From the Archives: Fall 2006 Issue of Lupus Now Magazine
Pay Back: Leaving Work Because of Lupus Need Not Mean Empty Days
by Emily Wojcik
For most of us, giving up our 9 to 5 routine might sound like a gift: Who wouldn't like more free time? When complications from lupus force you to stop working, however, time can feel more like a punishment than a reward. In addition to lost wages, early "retirees" may feel lost without the structured socializing of the workplace. This often leads to depression and boredom, according to MetLife's recent Civic Ventures Survey. Coping with health problems can make these issues even worse.
Fortunately, leaving a job doesn't have to mean dropping out of life. Here are some ways to avoid the early-retirement blues -- without overtaxing your body.
Volunteering is a great way to structure your days and maintain social connections-and there's an opportunity for every interest. Love pets? Animal shelters often need volunteers to walk dogs, play with cats, and work in the reception area. Check your telephone directory for the local animal shelter or humane society or contact the American Society for the Prevention of Cruelty to Animals (ASPCA) at www.aspca.org for a list of shelters across the country, or call 212-876-7700.
If you're more of a people person, try area elementary schools for tutoring or reading programs, or call an area nursing home-they often welcome volunteers to spend time with elderly residents. And don't forget your local Lupus Foundation of America (LFA) chapter, where you can surely lend a hand. Contact the national office at lupus.org or call 202-349-1155 for a directory of all chapters.
Most organizations require a commitment of a few hours per month, so if your symptoms are too severe for extended activity consider "virtual volunteering." If you have a computer, you can provide online aid to those in need. Consider becoming an E-mentor with the nonprofit organization www.Icouldbe.org, which links underserved teens to mentors who provide career advice and educational help. The United Nations Online Volunteering Service (www.onlinevolunteering.org) will also link you to organizations that aid developing countries.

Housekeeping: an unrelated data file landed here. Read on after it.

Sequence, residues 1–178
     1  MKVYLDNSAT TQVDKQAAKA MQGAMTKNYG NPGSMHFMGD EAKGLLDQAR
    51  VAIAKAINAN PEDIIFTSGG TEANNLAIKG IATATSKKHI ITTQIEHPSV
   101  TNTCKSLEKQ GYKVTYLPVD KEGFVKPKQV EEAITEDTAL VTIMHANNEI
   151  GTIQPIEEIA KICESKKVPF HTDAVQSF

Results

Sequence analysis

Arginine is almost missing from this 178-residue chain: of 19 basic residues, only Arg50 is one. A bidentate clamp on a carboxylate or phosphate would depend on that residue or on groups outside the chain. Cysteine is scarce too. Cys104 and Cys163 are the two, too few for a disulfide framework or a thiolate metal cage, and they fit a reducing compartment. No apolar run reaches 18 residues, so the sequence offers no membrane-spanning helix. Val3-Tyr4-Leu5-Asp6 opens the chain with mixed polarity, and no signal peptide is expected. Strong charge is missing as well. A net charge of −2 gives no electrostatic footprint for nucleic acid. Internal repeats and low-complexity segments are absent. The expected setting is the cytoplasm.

And don't forget your telephone! Eldercare Locator (www.eldercare.gov or 1-800-677-1116) has a list of agencies on aging that need volunteers to make "reassurance" calls to persons who are homebound or elderly.
Learn Something New
Free time also offers a great opportunity to expand your horizons. Try that gentle yoga class you've been eyeing, join a local book club, or take up a new hobby. Many colleges and universities offer continuing education classes for reduced fees on subjects ranging from cooking and photography to massage therapy and auto mechanics. Stretch your creative side even more by learning to play a musical instrument-most instructors will come to your home. Or share your experiences on a "blog." These online journals are the perfect place to post your feelings about anything, from your favorite sports team to the frustrations of a bad flare. To get started, go to www.blogster.com or www.blogger.com for easy, step-by-step instructions.
Don't forget why you stopped working in the first place: to take care of yourself. Pay attention to the things that are most important to you. Just because you've said goodbye to a job doesn't mean forgetting the friends you made there: Set up a monthly lunch date with your old work buddies. Get back in touch with family-try designating an hour every few days for a little one-on-one phone time.
Your days are only as fulfilling as you make them. By paying attention to your emotional, physical, and intellectual needs you can ensure that your early retirement is not an ending, but rife with unexpected opportunities.
Find more places to volunteer at VolunteerMatch, www.volunteermatch.org or 415-241-6868.
Go back to school without leaving home by finding online courses and degree programs at www.worldwidelearn.com. (This site only provides links to classes and programs, it does not offer the courses.)